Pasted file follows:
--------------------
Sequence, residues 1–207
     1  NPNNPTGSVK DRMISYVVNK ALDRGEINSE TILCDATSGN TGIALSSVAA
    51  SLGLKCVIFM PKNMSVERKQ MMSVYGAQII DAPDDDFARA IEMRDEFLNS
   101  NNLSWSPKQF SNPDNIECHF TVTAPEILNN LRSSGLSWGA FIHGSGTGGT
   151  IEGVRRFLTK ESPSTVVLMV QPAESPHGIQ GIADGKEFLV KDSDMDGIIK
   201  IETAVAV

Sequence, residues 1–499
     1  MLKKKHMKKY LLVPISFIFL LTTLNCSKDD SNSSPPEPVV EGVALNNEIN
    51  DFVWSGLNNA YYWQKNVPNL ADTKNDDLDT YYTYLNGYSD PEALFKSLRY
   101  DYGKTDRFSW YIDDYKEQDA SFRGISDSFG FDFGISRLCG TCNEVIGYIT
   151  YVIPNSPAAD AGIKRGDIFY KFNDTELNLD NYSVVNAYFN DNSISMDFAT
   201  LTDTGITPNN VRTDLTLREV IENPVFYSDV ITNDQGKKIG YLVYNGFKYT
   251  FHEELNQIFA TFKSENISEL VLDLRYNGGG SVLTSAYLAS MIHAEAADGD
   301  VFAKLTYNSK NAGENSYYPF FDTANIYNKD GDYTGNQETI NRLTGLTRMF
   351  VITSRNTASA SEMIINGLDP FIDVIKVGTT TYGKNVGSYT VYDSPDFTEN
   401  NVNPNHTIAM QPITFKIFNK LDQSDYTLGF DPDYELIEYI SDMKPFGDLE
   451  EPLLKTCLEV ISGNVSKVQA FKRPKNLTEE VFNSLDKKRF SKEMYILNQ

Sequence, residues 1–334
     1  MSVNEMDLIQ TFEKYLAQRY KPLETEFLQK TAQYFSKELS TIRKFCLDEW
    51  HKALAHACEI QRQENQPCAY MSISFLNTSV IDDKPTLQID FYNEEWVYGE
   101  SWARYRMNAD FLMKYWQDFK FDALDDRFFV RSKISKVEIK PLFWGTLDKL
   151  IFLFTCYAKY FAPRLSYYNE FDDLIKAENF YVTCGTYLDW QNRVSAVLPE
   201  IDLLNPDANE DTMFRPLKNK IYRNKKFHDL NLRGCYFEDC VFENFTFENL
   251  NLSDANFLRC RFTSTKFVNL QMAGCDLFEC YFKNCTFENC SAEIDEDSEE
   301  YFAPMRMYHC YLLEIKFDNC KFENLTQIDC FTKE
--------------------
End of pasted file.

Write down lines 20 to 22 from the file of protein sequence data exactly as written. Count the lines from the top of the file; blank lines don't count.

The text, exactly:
    51  HKALAHACEI QRQENQPCAY MSISFLNTSV IDDKPTLQID FYNEEWVYGE
   101  SWARYRMNAD FLMKYWQDFK FDALDDRFFV RSKISKVEIK PLFWGTLDKL
   151  IFLFTCYAKY FAPRLSYYNE FDDLIKAENF YVTCGTYLDW QNRVSAVLPE